My granddaughter is graduating from the eighth grade and so of course I have to blog about my own eighth grade experience.
Eighth grade was a wonderful year for me because we had stayed in one place long enough for me to have real friends. My friend Elaine lived down the street and we spent a lot of time together. I had my first serious boyfriend in the eighth grade. A group of us went to the fair, movies, swimming, and parties.
Eighth grade was the last year I participated in sports with any real enthusiasm. I had been on the volleyball team the year before, but broke my arm. While recuperating I learned to keep score for boys’ basketball. In the eighth grade I got certificates for both softball and basketball scorekeeping.
I graduated from Teague Elementary school in Highway City, California. I still have my graduation program. I was valedictorian of my class of forty-three students. Like any girl, I saved my corsage from graduation, but not my speech! I do have a little hand-written note from my teacher that reads, “Mary, Valedictorian, a farewell address, 5 minutes.” Elaine was salutatorian. I also received an award for history and geography, and one for language arts. I have my diploma and the little ribbon that was tied to it.
Mr. Monteleone was our superintendent and principal. My teachers were Mrs. Odyth Pittman, Mr. Kenneth Kennedy (also the vice principal), Mr. James Higgins, Mr. John C. Andres, Mrs. Rahma Kennington, Mr. Manuel Navarrette, and Mr. Albert Parley. What I remember most was how professional most of them were. They wore suits or dresses and took their jobs very seriously. Mrs. Pittman was my favorite. She always encouraged me and wrote nice things on my report card. Mr. Kennedy arranged for me to go to my first “author’s brunch” and meet real writers. Mr. Higgins sparked my interest in the Civil War by making it so much more than dates and battles. Mrs. Kennington spent countless hours improving my grammar. Mr. Navarrette was so cute most girls didn’t care what he was teaching! Mr. Parley taught math, poor guy. And I don’t remember Mr. Andres at all.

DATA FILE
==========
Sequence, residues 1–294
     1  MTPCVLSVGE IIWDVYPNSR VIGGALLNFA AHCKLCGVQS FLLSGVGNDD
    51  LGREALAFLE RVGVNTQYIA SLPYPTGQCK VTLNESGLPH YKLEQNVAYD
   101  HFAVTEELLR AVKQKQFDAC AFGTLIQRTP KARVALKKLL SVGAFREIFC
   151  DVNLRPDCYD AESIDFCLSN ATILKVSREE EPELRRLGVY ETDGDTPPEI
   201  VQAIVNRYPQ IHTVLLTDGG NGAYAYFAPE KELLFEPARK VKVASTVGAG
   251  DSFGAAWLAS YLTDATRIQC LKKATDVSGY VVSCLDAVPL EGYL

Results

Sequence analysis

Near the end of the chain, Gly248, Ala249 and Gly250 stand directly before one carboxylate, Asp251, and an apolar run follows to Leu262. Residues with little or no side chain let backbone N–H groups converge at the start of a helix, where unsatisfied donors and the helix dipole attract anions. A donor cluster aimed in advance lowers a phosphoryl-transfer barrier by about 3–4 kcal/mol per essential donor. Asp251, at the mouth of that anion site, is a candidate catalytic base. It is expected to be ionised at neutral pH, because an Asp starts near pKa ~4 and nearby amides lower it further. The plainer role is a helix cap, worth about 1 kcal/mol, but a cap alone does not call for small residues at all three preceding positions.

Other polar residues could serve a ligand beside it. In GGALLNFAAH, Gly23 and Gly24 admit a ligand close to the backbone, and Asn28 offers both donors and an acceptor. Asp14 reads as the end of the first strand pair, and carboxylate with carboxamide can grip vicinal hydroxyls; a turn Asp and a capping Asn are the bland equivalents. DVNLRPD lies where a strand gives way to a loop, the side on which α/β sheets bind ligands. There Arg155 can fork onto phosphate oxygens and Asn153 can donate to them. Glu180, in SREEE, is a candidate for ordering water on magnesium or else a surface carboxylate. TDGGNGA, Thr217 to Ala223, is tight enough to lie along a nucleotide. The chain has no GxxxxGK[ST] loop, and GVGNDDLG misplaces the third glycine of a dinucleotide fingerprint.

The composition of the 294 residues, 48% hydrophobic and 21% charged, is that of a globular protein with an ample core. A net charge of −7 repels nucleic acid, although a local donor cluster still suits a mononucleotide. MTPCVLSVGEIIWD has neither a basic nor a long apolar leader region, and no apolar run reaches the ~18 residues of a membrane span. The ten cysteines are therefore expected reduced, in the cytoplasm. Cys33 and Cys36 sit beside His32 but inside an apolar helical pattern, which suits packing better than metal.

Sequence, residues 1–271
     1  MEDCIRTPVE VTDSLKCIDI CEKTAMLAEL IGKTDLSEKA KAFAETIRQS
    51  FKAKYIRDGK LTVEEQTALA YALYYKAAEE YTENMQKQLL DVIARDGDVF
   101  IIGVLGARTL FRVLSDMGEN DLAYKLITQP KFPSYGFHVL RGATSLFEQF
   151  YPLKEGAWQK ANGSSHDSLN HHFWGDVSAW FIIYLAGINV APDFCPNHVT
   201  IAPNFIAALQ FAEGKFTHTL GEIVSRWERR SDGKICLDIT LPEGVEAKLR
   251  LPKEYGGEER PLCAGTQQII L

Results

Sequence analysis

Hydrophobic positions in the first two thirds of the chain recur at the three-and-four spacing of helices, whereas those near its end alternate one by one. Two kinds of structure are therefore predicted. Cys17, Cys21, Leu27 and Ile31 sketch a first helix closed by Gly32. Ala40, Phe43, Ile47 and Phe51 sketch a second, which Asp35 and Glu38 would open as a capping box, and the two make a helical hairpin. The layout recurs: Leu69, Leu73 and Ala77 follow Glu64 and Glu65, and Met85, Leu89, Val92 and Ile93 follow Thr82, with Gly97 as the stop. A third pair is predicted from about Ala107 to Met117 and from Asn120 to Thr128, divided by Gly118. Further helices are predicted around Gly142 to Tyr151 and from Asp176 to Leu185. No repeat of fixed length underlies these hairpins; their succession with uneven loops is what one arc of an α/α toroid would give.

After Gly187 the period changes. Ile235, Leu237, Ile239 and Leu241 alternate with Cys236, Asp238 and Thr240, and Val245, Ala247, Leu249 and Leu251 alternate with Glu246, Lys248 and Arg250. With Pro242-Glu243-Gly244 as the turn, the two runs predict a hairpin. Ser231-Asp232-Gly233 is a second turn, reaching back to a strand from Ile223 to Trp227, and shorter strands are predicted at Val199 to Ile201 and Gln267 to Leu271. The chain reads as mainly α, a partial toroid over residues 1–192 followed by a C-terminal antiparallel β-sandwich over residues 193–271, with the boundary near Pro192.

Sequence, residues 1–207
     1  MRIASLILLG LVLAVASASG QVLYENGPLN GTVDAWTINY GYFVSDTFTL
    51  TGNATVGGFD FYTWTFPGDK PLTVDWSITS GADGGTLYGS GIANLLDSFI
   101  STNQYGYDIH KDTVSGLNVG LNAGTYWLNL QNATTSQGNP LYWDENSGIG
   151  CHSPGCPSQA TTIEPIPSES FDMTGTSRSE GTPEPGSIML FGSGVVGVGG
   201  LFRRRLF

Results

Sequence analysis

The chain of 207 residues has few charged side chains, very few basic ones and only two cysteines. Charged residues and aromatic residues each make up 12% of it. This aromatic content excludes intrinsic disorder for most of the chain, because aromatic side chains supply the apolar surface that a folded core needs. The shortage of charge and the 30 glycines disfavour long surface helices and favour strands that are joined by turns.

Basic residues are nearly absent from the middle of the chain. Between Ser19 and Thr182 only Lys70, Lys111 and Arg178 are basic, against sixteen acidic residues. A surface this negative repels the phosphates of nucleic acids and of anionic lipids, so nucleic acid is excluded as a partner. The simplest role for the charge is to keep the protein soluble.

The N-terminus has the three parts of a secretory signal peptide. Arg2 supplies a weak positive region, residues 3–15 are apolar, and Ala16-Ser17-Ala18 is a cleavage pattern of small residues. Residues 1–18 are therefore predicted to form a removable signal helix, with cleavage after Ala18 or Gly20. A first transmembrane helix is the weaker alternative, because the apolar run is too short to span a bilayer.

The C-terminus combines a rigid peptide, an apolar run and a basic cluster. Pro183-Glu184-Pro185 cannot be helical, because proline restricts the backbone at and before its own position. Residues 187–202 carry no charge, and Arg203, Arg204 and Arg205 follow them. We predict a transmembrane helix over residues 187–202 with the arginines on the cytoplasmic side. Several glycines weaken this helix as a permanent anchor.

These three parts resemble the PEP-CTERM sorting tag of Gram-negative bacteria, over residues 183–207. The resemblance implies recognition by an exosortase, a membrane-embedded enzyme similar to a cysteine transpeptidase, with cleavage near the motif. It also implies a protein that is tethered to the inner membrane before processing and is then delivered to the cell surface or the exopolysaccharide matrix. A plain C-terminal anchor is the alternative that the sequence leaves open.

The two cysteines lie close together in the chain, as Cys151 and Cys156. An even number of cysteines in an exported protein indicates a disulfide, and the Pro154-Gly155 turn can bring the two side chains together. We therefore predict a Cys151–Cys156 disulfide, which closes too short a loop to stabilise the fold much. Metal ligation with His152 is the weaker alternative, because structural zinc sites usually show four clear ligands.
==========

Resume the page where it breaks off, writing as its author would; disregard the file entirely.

I only have a couple of photos of graduation and typically I was behind the camera, not in front of it. I do have this photo taken a few weeks before graduation. Don’t know what was going on with that hair!! I got it cut very short the week after graduation and I remember how angry my parents were when I got home. (My aunt had taken me to get it cut.)
My graduation dress was white and came from the Dotty Dean store in Fresno. It was $25.99, on sale for $14.88. I still have the tag, the receipt, and my dried corsage.
Of course eighth grade wasn’t all about reading and writing and friends. It wasn’t all sweetness and innocence. We were very poor and I usually worked in the fields when I wasn’t in class. I was constantly arguing with my parents about boys or school or boys. It was also the year I witnessed my first serious gang fight. One of our neighbors ran over and killed his own child. One of my classmates was already drinking and causing the rest of us to worry. Several were smoking. My friend’s little sister died of SIDS. But those are topics for other days and other blogs.
Eighth grade is still a turning point for students. Next year my granddaughter will have to start thinking about her future and college and earning money and all those serious, grown-up things. She’s leaving childhood behind and beginning the next phase of the journey to adulthood. I know she’ll have trouble with her parents and school and boys and friends, because we all did. I only hope she has as little pain as possible and that she makes wise decisions most of the time. She’s a smart girl with good parents. That’s a great way to start high school.